Cape Town - Controversial Cape Town pastor Oscar Bougardt, who was previously sued for R1 million for his homophobic statements, says he stands firmly behind American gay-bashing pastor Steven Anderson.
The evangelist from the Faithful Word Baptist Church in Arizona, USA, is on his way to South Africa on a “soul-winning marathon”, but has found no love here.
Bougardt says he has arranged accommodation for Anderson, after the pastor was banned from a hotel and two restaurant chains after comments that gays should be executed.
Bougardt, of Calvary Hope Ministries, says although he doesn’t agree with Anderson’s viewpoint that gays should be killed, he is helping him as Anderson is “a man of the cloth and is only preaching the gospel”.
Bougardt made contact with Anderson earlier this month after an outcry over his impending visit by gay rights groups.
An online petition by the LGBTI (Lesbian, gay, bisexual and transgender) community, had reached more 36 000 signatures on Tuesday.
They called on Home Affairs Minister Malusi Gigaba to restrict Anderson from entering the country.
The minister has said while he sympathises with the LGBTI community, he could not ban Anderson as he didn’t need a visa to enter SA, and he also hadn’t been found guilty of any crime.
Anderson made headlines in 2014 when he called for homosexuals to be executed.
And in June, he sparked outrage when he said a day after 49 people were gunned down in a nightclub in Orlando, Florida, that they deserved to die.
Anderson preached: “The good news is that there are 50 less paedophiles in this world, because, you know, these homosexuals are a bunch of disgusting perverts and paedophiles.”
Bougardt says everything will be ready for Anderson when he lands in Johannesburg on September 18.
The reverend will be flying to Joburg to personally meet Anderson and his entourage.
“When I heard there was a petition asking him not to come to Cape Town and Johannesburg, I sent him an email telling him I am willing to help him find accommodation,” he said.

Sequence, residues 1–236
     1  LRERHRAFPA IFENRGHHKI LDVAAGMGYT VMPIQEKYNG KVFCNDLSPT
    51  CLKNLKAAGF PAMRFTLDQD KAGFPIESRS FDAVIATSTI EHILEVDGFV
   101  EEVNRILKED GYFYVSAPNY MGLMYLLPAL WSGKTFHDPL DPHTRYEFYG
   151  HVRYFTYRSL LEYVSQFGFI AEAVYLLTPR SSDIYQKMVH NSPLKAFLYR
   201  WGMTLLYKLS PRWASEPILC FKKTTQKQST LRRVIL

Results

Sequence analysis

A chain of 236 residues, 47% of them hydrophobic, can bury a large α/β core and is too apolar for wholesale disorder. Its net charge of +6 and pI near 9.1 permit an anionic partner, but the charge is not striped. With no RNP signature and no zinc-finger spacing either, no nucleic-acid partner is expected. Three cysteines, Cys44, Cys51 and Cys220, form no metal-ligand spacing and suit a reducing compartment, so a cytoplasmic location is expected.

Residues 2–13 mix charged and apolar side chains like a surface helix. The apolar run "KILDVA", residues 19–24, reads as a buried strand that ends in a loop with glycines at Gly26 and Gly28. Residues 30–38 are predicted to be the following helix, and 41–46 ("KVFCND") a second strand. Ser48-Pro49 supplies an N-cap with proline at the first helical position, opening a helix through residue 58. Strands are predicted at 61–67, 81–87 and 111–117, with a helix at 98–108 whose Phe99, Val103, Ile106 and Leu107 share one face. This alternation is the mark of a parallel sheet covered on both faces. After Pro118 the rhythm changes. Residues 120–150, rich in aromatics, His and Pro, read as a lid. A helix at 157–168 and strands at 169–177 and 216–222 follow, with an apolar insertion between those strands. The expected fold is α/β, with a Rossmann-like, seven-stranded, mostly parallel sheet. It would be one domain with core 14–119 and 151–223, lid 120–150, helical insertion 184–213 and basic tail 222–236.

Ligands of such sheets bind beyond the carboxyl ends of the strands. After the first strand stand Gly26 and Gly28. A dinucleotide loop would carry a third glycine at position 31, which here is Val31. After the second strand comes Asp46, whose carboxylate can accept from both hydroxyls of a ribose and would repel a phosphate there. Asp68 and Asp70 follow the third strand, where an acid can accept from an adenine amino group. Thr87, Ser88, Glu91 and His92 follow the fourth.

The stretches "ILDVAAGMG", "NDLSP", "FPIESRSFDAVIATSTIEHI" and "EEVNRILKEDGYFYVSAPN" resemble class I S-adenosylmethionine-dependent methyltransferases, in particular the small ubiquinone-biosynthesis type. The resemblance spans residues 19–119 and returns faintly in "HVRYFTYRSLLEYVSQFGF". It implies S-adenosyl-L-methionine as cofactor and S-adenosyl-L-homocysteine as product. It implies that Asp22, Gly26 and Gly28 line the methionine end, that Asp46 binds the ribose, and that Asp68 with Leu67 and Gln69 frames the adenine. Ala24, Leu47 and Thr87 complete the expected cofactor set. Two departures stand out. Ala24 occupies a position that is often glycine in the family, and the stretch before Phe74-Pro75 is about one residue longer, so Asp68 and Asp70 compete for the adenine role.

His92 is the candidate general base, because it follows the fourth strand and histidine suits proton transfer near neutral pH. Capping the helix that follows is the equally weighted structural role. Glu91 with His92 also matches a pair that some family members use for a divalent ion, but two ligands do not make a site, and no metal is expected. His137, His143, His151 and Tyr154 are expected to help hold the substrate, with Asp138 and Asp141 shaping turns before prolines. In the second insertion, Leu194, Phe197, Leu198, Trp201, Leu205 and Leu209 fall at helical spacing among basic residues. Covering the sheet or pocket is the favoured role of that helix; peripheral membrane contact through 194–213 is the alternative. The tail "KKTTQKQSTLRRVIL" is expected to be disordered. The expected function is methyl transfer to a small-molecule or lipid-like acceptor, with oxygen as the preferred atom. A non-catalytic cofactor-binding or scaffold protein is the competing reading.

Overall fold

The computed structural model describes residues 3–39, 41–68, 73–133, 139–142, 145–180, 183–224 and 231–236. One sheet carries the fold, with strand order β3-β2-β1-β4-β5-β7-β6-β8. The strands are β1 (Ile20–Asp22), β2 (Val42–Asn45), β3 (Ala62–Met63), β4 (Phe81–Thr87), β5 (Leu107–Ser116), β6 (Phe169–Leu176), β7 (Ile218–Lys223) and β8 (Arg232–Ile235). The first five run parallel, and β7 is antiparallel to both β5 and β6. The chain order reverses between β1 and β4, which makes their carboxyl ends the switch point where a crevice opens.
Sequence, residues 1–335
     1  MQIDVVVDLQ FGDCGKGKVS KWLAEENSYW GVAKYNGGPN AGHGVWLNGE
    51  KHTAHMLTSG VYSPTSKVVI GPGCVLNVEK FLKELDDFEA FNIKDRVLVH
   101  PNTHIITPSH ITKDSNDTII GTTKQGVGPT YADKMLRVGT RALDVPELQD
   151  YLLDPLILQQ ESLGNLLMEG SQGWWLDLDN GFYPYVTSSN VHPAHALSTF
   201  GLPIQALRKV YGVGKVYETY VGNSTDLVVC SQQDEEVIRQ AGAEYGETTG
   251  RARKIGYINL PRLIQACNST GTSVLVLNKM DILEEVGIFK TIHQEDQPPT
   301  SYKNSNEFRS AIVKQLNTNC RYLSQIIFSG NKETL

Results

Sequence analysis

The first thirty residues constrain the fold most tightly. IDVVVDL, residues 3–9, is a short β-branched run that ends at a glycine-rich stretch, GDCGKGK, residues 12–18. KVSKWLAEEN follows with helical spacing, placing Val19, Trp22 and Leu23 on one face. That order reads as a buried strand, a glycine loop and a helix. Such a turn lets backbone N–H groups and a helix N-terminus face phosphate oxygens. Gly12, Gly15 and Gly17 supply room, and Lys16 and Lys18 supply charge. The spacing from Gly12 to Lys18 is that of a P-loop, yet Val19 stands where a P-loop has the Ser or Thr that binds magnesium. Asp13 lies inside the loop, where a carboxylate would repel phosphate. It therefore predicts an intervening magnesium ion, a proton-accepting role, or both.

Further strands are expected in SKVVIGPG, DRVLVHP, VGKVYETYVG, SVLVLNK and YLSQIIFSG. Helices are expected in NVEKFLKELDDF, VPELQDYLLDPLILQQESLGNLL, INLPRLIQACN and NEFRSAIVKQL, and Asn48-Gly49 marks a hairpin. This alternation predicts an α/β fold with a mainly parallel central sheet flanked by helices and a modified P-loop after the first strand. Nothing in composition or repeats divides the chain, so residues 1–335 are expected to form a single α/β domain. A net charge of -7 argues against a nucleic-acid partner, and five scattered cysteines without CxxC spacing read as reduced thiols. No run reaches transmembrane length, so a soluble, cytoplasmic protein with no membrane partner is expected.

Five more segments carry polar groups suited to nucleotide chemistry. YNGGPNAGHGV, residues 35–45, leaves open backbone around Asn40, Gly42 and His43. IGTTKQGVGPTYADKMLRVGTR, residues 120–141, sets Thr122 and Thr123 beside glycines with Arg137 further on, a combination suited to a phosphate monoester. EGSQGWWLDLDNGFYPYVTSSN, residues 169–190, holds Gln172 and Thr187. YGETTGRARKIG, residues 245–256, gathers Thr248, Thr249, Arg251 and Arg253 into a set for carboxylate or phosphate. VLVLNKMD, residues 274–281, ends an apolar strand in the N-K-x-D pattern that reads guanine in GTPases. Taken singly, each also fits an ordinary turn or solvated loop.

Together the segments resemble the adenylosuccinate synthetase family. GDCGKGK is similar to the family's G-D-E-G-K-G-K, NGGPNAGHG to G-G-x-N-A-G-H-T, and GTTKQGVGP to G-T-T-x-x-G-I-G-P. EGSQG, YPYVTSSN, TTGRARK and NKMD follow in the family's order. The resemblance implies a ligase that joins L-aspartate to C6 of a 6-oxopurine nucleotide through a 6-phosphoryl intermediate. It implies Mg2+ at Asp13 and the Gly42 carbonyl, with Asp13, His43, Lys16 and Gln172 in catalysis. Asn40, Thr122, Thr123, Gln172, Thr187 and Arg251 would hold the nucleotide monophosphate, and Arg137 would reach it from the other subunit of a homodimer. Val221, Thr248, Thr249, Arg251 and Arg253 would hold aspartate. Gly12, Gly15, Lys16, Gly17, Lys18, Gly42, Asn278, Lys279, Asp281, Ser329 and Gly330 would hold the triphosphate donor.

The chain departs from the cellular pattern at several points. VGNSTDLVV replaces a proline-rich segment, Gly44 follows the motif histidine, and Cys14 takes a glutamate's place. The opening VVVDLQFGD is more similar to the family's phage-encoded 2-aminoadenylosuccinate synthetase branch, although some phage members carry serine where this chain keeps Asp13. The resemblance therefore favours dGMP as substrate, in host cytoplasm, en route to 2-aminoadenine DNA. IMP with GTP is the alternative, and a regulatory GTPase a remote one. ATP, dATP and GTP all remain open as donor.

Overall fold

“I have found accommodation, which I cannot divulge.”
The pastor added that Anderson is yet to accept his offer.
Bougardt had been reported to the SA Human Rights Commission several times for hate speech, including for statements including: “Bishop Desmond Tutu is mentally sick who has his own religious beliefs that says it is OK to be homosexual.
“He is… leading all homosexuals straight to hell.”
However, the Strandfontein preacher insists he will “cut myself off” from Anderson if he starts preaching that gays should be killed.
During a radio interview at the weekend, Anderson insisted his journey to South Africa was not about preaching against homosexuality, despite calling gay people “abominations”, “filthy” and “violent” in interviews.
Bougardt said: “His idea is not to preach about homosexuality, he is going to do a sermon, a crusade on spreading the gospel. He is like me, when we open our mouths people think we are going to preach about homosexuality.”
“Let me be honest, the word of God says homosexuality is an abomination. If he comes here, and preaches the gospel, I will stand by him.
“If he says homosexuals must be killed, I will not stand by him.”
He is also ready to help Anderson establish a branch of his church in South Africa.
“He has indicated he wishes to open a church in Johannesburg, but I have told him Cape Town is better.
“I would also like to visit his church in America.”
Spur in Festive Mall, Kempton Park, Wimpy and the Premier Hotel at OR Tambo International Airport – all venues Anderson had made bookings with – have banned Anderson after learning of his hate-preaching.
The US pastor claims he was targeted by South African pranksters last week, after a series of advertisements was placed online claiming his church was giving away free food. He’s also received pizzas and magazine subscriptions which he had not ordered.
In Cape Town, gay celebrities, former Mr and Miss Gay Cape Town, Errol Stroebel and his partner Kat Gilardi, slammed Bougardt for backing Anderson.
Stroebel said: “What pastor spreads hate instead of God’s love? Bougard’s licence needs to be revoked.”
Kat adds the gay community is united against Anderson: “By allowing Anderson to come here is to spread the hate, which can lead to other things, like what happened in Orlando.”
Gay Rights group Triangle Project says they are “not surprised that Mr Bougardt has embraced the hateful and distorted message of Steven Anderson”.
However, they have turned the other cheek.
Spokesperson Matthew Clayton says: “Mr Anderson and Mr Bougardt must be afforded both their right to freedom of expression and freedom of religious belief, but neither of these rights should allow them to spew hate, especially where it places lives in danger.”